Friday, July 11, 2008

The Problem with Deregulation

It's the mantra of the rightwing - deregulate now, deregulate everything. The idea is that it's always better to rely on free enterprise, on the markets to self-regulate. After all, they know what's best, not some bureaucrat regulator.

Brian Mulroney deregulated Canada's airline industry. At the time we had a reasonably stable system of carriers headed by Air Canada and Canadian Pacific Airlines, two flag carriers. Below them were a stable of charter and regional carriers.

One of the advantages of airline regulation was the advancement of public policy. The big carriers were given preferred access to the major, big-city and international routes but they were also expected to bring air service to smaller centres that might otherwise not have been served. Like the early investment in microwave towers, regulated air travel helped open up Canada's remote regions.

Everything seemed to be ticking alone reasonably well when the whole business got overrun by free enterprise in the wake of Mulroney's deregulation of the industry. Air Canada was privatized and began the steady descent that continues to this day. Canadian Pacific got into an aggressive takeover and expansion mood, in the process swallowing Pacific Western Airlines and even Max Ward's Wardair, emerging as the bloated, Canadian Airlines International.

Both airlines engaged in a mutually-destructive air war, each scheduling unnecessary flights trying to muscle the other out on major routes such as Vancouver-Toronto. The revenue lifeblood drained out of both, forcing the final showdown.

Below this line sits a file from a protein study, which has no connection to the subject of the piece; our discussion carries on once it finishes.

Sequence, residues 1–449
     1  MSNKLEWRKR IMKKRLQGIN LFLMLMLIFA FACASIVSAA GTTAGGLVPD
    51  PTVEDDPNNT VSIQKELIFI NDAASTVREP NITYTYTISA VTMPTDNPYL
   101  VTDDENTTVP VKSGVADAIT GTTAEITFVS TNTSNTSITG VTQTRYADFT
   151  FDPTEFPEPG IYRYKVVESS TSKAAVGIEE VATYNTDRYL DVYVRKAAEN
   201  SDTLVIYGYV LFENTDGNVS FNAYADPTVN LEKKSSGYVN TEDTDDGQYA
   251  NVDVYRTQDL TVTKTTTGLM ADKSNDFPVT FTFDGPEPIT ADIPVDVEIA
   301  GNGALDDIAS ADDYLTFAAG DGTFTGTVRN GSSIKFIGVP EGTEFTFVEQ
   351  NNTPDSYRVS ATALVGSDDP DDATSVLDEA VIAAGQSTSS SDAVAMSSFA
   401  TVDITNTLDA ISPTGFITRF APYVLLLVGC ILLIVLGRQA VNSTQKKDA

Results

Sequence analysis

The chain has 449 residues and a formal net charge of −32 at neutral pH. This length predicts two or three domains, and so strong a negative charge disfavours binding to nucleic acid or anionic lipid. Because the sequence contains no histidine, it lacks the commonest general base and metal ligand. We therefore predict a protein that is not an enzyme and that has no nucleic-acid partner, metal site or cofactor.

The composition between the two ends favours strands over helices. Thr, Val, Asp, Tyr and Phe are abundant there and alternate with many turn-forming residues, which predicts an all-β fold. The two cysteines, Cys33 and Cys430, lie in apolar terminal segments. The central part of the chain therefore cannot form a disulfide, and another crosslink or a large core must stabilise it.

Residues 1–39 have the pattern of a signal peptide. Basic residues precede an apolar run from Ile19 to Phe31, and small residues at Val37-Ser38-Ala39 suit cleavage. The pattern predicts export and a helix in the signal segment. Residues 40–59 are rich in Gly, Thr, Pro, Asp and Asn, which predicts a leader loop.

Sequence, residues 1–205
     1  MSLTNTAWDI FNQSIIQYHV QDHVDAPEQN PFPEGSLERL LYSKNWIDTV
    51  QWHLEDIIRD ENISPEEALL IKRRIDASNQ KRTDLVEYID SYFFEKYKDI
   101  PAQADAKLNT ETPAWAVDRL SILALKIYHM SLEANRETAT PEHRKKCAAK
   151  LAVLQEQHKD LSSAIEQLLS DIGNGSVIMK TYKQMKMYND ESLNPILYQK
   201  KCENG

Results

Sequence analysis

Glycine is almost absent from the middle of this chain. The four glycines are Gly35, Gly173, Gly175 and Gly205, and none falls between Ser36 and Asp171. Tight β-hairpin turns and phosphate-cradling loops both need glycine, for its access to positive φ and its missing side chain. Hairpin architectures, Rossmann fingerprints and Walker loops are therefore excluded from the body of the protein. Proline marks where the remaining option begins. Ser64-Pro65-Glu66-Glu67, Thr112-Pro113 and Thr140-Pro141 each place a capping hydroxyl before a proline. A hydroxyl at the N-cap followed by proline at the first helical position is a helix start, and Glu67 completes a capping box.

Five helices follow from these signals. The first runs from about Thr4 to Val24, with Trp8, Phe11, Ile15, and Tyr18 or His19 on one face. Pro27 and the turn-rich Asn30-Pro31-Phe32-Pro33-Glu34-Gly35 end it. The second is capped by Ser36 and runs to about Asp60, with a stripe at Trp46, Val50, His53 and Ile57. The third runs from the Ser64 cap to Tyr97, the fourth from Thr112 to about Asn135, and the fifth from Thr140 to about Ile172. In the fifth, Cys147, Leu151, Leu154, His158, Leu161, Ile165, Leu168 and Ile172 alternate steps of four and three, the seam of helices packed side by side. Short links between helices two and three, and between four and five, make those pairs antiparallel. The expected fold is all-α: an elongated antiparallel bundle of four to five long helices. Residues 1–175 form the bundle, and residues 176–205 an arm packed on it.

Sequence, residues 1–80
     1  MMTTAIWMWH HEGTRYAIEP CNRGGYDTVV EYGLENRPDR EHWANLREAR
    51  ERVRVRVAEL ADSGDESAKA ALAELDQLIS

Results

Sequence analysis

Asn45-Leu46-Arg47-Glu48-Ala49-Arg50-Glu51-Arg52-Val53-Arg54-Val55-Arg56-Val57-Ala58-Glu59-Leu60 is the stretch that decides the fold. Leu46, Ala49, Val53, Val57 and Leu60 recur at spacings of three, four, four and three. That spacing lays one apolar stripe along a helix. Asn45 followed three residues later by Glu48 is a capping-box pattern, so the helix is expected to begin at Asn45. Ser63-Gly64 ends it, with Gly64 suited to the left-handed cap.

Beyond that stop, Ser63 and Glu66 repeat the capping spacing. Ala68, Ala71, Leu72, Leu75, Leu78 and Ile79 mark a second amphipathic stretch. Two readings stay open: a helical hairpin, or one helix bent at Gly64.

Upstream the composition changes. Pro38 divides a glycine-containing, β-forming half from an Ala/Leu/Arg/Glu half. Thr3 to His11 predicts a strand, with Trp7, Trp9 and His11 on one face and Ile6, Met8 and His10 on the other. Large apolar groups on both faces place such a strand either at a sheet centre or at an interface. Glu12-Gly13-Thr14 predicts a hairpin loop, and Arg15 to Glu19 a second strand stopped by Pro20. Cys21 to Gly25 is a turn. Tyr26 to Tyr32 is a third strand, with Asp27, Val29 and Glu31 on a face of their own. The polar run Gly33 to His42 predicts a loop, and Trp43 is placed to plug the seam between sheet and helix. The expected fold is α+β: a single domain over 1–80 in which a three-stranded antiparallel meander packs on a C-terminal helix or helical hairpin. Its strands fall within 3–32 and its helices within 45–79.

The inevitable dog fight ensued (not the aerial kind, the sort that involves dogs tossed into a ring). Canadian tried to salvage itself by overrunning Air Canada. The former People's Airline fought back. Canadian Airlines finally collapsed under its own weight and Air Canada got busy picking at the corpse before wrestling with its own insolvency.

Where are we today? That all depends on your perspective. If you don't recall Canadian air travel at its zenith in the late 70's/early 80's, today's airline service might not look godawful. If you do, it does.

But the airline industry doesn't stand alone as an indictment of deregulation. A more recent example is the sub-prime mortgage debacle in the United States. Rather than intervening to regulate excesses, the Fed sat back and let havoc ensue. In the months leading up to the bubble bursting, two out of three new mortgages in California were "interest only."